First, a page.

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27 June 2011 Comments (0) Views: 146 Android, Motorola, Smartphone / Tablet Reviews

The Motorola Atrix Review

The Starting Line

So… Let us start at the beginning with a little background information. My present phone is the iPhone 4, Nokia C6-01 and Nokia N8. In addition, I own a Sony Ericsson Xperia Arc and I am trialing a Nokia E6 with the new Symbian OS Anna installed. So you are now made aware that I have a little bit of background knowledge of mobile phones for you to be able to place this article in perspective.

What’s In A Name

So… The Motorola Atrix! I will slip away a few letters and we have the M-Atrix aka ‘The Matrix’. I am sure Motorola meant it to be that way with tongue in cheek.

Specs! Specs! Specs!

Operating System: Android 2.2 (FroYo)

Web Browser: Android HTML Webkit, Adobe® Flash® Player 10.1

DLNA (Digital Living Network Alliance): Stream, store and share content with compatible devices around the home like HDTVs, game consoles and PCs

Battery type: 1930 mAh Li Ion Polymer

Memory: Up to 16 GB inbuilt

Additional Memory: Up to 32 GB microSD

Hardware – The Black Box

The Motorola Atrix has a solid feel to it and at first glance with the 4.0-In.; qHD (960 x540) display its initial appearance is a lot larger than the iPhone. However, if you check the gallery images you will see that the two devices are quite similar in height. The Atrix measures in at: H: 117.75 mm x W: 63.5 mm D: 10.95 mm and weighs 135 grams. Whilst the iPhone 4 dimensions measures: H: 115.2 mm x W: 58.6 mm x D: 9.3 mm with a weight of 137 grams. In my hand I can confirm that they are much of the same height.  However, despite the Motorola Atrix being wider, it fits more comfortably in the hand in comparison to the iPhone. This may be due to the fact that the Atrix is slightly curved and it has a warm sensation to it. It is lighter in opposition to the iPhone, which has a very solid flat base, is heavier in weight and consists of much more squared corners.

The on-off button is rather a weird conception that I have not come across before. It is inserted into the top back of the phone but is a flat panel against the normal cubed or circular button. It does not feel intuitive when the screen goes into sleep mode to be able to access this panel as easily as one might expect.

On the right side of the phone is a rocker switch for volume. The micro USB connector and HDMI slot occupies the left side of the device and at the top of the phone is a 3.5 mm headphone jack.  The back of the device houses the on/off button, a speaker and a 5 megapixel auto focus camera with digital zoom and LED flash.

The front of the phone has the following: Top right is a message light, which indicates when you have a notification. Top left houses the webcam and at the bottom of the screen are touch icons for the menu, home, back and search keys. I could find no way to switch off the vibrating feedback of those.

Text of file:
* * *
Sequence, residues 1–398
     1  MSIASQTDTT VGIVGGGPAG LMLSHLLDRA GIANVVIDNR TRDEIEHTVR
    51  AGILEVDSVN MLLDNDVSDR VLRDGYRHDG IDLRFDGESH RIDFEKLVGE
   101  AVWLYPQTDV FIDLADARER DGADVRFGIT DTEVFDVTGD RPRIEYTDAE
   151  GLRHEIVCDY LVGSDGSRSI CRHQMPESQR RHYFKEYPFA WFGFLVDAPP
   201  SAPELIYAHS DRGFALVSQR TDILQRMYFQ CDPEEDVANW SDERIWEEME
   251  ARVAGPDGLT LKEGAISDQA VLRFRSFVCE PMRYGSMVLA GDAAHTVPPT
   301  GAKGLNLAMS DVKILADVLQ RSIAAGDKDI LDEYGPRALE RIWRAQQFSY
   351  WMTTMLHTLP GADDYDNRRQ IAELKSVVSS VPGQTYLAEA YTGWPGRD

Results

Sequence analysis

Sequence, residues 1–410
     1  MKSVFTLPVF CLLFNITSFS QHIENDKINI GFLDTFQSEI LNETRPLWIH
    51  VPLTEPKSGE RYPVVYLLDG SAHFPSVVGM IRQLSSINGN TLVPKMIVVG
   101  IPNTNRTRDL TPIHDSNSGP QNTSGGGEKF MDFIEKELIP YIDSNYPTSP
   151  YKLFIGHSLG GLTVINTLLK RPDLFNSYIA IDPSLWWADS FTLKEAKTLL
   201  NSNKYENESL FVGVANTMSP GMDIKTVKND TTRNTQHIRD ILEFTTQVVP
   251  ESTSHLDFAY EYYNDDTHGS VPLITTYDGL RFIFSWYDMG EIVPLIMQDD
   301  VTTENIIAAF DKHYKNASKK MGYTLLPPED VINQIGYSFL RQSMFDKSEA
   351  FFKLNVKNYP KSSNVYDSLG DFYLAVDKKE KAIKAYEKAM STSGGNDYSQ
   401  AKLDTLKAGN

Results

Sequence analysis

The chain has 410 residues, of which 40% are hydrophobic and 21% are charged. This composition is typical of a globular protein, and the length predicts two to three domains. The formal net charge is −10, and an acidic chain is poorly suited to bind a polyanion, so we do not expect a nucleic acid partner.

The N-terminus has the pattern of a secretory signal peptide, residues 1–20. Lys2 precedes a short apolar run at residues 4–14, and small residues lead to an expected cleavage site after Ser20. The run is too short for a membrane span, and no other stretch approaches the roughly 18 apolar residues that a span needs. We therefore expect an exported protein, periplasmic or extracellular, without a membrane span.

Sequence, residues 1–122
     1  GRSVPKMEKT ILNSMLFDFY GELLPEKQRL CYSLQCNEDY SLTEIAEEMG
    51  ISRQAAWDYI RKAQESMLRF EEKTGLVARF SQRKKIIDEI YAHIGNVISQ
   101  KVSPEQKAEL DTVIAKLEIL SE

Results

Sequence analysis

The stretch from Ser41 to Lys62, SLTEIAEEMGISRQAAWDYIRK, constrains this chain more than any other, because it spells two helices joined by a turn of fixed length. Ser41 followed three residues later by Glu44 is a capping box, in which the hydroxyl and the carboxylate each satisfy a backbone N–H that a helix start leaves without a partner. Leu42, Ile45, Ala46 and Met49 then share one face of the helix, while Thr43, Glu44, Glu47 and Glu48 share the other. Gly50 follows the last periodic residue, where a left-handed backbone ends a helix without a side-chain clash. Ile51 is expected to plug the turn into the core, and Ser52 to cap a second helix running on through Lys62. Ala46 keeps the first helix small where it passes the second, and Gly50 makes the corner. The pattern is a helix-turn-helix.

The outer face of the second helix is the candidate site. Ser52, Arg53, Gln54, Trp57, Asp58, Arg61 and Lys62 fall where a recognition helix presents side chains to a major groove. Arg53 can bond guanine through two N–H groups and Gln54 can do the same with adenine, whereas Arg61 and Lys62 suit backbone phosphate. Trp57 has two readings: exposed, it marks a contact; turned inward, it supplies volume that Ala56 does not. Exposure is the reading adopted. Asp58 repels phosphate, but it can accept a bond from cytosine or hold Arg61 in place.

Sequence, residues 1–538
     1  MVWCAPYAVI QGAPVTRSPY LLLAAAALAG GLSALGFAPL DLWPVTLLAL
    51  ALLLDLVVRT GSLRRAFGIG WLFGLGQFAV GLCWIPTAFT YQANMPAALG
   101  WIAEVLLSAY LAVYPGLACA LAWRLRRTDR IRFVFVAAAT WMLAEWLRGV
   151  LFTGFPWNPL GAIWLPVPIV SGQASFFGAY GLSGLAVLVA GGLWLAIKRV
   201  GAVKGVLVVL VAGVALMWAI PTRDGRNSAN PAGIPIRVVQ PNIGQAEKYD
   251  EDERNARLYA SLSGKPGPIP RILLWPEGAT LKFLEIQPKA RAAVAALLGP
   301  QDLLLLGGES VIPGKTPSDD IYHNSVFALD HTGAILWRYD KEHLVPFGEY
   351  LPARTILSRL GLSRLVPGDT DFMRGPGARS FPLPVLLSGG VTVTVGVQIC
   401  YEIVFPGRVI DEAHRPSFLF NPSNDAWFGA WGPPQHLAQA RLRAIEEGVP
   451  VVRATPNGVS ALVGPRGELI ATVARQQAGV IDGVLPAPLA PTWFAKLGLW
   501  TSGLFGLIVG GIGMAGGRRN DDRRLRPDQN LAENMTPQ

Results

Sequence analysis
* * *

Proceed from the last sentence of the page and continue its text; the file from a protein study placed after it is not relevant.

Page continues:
Removing the battery is not a nice experience as when you do, you then come to realise how very plastic and cheap the material is. So put it back on and pretend you did not take it off!

There is not much else I can say about the external hardware.  It is a blank black box with no extras in its look to seduce me.

What Are You Hiding

Beneath the demure outer skin hides the real talents of the Atrix.

qHD display

The front screen display consists of a 4.0-In.; qHD (960×540) Corning® Gorilla® Glass

qHD is a display resolution of 960×540 pixels arranged in a 16:9 aspect ratio. This resolution is one quarter of a full HD 1080p frame (thus the name) and is three quarters of a 720p frame.

Camera! Lights! Action!

The superb 5 megapixel camera makes great use of the 4 inch display. This allows you to compose images with efficiency and clarity.  I am rather a fan of the Point and Shoot facility.  I think when an opportune moment to capture an image is presented, you do not always have the time to adjust modes for lighting etc to suit what the eye can see. For those of you with  a more professional photographic side to your personality, there are  extras within the menu such as Scene Modes and additional camera options so you should not feel that anything has been left out. The functions are there if you need them but I found the automatic shoot option to be my favourite mode of use.  The colours are clear and distinct and the wide screen display allows you to compose and shoot much more easily than you are able to with a device which houses a smaller display.

Photo Sharing

You can share photo images via Bluetooth, text messaging and via Gmail, Picassi and YouTube.  In addition, you can add further sharing accounts.